Tennis Superstar Novak Djokovic Has Been Denied Entry to Australia
BRISBANE, Australia — Novak Djokovic’s chance to play for a 10th Australian Open title was thrown into limbo Thursday when the country denied him entry and canceled his visa because he failed to meet the requirements for an exemption to COVID-19 vaccination rules.
The top-ranked Djokovic announced on social media Tuesday that he had “exemption permission” and landed in Australia late Wednesday after receiving a medical exemption from the Victoria state government that was expected to shield him from the strict vaccination regulations in place for this year’s first major tennis tournament.
The exemption was not accepted by border authorities. Djokovic did not meet the entry requirements, as stated by the Australian Border Force.
“The rule is very clear,” Prime Minister Scott Morrison told a news conference Thursday. “You need to have a medical exemption. He didn’t have a valid medical exemption. We make the call at the border, and that’s where it’s enforced.”
Health Minister Greg Hunt said the visa cancellation followed a review of Djokovic’s medical exemption by border officials who looked “at the integrity and the evidence behind it.”
He said Djokovic was free to appeal the decision, “but if a visa is canceled, somebody will have to leave the country.”
The president of Djokovic’s native Serbia blasted the “harassment” of the star, who was detained overnight at Melbourne Tullamarine Airport. For the announcement of his entry into Australia, Djokovic, a 20-time major champion, had to sit at the airport for more than 8 hours. He was then moved to a hotel while he waited for arrangements for his flight out of Australia.
Morrison confirmed the cancellation in a Twitter post: “No one is above these rules. Our strong border policies have been critical to Australia having one of the lowest death rates in the world from COVID, we are continuing to be vigilant.”
Morrison later responded to queries about the confusion surrounding federal and state requirements. He said that it was up each individual traveler to ensure they have proper documentation upon arrival.
Although Djokovic wasn’t mentioned by the Prime Minister, he did acknowledge that Djokovic may be the one being singled out.
“One of the things the Border Force does is they act on intelligence to direct their attention to potential arrivals,” he said. “When you get people making public statements about what they say they have, and they’re going to do, they draw significant attention to themselves.”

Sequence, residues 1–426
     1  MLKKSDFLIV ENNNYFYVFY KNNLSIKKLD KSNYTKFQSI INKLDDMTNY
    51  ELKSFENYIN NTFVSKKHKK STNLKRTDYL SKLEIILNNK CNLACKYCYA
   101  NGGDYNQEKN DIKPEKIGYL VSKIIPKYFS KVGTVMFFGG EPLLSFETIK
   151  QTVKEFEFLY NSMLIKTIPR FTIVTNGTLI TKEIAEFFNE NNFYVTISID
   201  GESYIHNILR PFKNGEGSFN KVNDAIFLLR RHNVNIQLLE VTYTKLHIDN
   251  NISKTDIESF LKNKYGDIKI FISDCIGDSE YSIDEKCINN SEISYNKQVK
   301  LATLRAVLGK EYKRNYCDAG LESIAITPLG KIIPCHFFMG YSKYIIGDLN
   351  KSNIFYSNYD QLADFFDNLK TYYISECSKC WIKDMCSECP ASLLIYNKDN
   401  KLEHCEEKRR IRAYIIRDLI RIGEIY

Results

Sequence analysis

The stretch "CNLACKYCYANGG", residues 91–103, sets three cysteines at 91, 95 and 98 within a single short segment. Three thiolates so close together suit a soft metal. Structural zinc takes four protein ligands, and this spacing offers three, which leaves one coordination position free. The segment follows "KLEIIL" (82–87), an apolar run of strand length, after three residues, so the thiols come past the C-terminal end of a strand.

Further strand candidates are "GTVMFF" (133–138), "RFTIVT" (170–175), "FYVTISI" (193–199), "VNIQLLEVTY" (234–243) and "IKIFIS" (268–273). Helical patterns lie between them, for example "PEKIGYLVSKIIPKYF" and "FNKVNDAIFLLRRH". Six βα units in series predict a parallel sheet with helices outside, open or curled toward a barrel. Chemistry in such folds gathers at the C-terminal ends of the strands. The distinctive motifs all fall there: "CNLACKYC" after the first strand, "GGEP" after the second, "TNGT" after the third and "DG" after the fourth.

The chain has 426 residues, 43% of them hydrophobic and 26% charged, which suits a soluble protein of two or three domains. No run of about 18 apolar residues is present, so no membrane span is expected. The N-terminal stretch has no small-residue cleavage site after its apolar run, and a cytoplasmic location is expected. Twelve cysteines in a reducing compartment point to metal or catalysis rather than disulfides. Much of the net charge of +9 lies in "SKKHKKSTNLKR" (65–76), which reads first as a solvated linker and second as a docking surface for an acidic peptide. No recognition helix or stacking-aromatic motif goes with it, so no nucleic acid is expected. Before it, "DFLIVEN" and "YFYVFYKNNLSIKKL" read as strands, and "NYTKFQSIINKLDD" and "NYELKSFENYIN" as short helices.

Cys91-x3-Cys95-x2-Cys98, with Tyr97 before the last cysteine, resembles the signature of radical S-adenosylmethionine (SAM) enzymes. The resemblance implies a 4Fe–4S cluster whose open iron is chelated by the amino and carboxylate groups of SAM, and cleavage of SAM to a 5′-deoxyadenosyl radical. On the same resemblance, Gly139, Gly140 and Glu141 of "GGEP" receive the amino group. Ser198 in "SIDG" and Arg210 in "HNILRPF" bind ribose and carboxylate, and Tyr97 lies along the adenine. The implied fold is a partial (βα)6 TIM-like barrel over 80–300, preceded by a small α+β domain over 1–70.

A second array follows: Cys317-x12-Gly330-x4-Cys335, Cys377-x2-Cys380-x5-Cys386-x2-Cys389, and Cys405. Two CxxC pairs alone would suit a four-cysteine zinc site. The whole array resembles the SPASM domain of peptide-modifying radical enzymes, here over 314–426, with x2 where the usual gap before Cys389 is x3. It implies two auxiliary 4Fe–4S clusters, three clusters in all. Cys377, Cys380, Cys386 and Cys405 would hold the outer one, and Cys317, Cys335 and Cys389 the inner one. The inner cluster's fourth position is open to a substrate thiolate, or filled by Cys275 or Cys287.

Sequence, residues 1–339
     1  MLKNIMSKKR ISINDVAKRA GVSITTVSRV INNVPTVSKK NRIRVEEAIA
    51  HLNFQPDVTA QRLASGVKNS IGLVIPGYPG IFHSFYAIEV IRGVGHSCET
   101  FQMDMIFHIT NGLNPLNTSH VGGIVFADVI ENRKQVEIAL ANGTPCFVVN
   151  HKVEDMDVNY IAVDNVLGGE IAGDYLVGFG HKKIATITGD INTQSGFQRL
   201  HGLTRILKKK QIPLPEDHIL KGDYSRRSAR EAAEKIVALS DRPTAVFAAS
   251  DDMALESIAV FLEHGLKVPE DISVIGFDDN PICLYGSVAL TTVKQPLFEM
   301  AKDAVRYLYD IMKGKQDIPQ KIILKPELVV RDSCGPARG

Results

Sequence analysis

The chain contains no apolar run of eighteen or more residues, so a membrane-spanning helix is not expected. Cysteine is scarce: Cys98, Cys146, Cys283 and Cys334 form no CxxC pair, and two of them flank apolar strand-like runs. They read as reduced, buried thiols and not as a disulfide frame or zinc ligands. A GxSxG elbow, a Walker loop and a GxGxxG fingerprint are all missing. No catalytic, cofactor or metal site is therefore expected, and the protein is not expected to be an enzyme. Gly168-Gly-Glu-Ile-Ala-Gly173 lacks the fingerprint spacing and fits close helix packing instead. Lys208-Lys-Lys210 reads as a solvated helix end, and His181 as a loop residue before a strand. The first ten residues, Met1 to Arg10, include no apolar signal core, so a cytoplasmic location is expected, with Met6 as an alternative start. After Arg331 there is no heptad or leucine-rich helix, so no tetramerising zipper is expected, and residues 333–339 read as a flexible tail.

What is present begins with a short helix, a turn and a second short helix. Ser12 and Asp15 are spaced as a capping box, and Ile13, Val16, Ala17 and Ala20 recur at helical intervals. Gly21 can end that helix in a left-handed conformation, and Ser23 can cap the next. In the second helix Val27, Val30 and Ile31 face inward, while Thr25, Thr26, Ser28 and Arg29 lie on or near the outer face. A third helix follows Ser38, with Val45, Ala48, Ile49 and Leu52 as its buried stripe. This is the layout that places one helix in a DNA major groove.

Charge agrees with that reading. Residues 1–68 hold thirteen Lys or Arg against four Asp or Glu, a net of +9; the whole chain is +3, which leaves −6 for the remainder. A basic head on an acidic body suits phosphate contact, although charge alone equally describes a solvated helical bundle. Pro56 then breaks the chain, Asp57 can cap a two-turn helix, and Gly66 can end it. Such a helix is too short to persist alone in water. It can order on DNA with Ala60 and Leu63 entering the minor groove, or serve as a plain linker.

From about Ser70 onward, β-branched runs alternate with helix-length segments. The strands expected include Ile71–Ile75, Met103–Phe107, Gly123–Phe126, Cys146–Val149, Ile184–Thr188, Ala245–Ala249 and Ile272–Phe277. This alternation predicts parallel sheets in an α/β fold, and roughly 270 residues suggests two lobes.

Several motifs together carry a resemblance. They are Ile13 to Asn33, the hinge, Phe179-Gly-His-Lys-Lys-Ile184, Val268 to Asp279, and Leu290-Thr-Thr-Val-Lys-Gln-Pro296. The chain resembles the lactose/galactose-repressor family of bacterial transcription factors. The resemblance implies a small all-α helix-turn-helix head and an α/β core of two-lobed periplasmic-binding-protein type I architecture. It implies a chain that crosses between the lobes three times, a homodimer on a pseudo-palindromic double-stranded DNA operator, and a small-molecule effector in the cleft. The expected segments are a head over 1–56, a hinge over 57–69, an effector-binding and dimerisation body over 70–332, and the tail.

Anyone who does that “whether they’re a celebrity, a politician, a tennis player . . . they can expect to be asked questions more than others before you come.”
These medical exemptions were vetted and approved by two separate panels of specialists. They are based on anonymized information from players.
He is a vocal opponent of vaccines, and he refuses to say whether or not he was given shots against the coronavirus.
His father, Srdjan Djokovic, told the B92 internet portal that his son was held at the airport “in a room which no one can enter” and guarded by two police officers.
Aleksandar Vucic, Serbia’s President, posted on Instagram that Djokovic spoke with him while Djokovic was at the airport. He said Serbian authorities were taking measures “so the harassment of the best tennis player in the world be stopped in the shortest possible time.”
Djokovic’s revelation on social media that he was heading to Australia to seeking a record 21st major title instantly became a hot political topic, with many Australians furious that he was granted an exemption to enter the country. Critics asked what ground Djokovic could use to get the exemption. But backers said that he had the right to privacy, freedom and choice.
Australian Open tournament director Craig Tiley defended the “completely legitimate application and process” and insisted there was no special treatment for Djokovic.
Victoria has placed a ban on officials, players, and staff from the state to enter Melbourne Park during January 17.
Only 26 people connected with the tournament applied for a medical exemption and, Tiley said, only a “handful” were granted. No one has been able to identify any of the players.
One exception is for serious medical conditions and severe adverse reactions to previous COVID-19 vaccinations.
Djokovic, who played in exhibition matches he organised in Serbia and Croatia during the pandemic without social distancing, was positive for coronavirus.
Concerns about Djokovic’s visa status started building Wednesday.
Morrison originally stated that Morrison’s medical exemption decision was for Victoria. Melbourne is the capital of the state.
Karen Andrews from the Home Affairs Ministry clarified the border process.
“While the Victorian government and Tennis Australia may permit a non-vaccinated player to compete in the Australian Open, it is the Commonwealth government that will enforce our requirements at the Australian border,” Andrews said. “If an arriving individual is not vaccinated, they must provide acceptable proof that they cannot be vaccinated for medical reasons to be able to access the same travel arrangement as fully vaccinated travelers.”
When asked again about Djokovic’s case later Wednesday, Morrison added: “If that evidence is insufficient, then he won’t be treated any different to anyone else, and he’ll be on the next plane home.”
—This report was contributed by Dusan Stojanovic, Associated Press writer, Belgrade, Serbia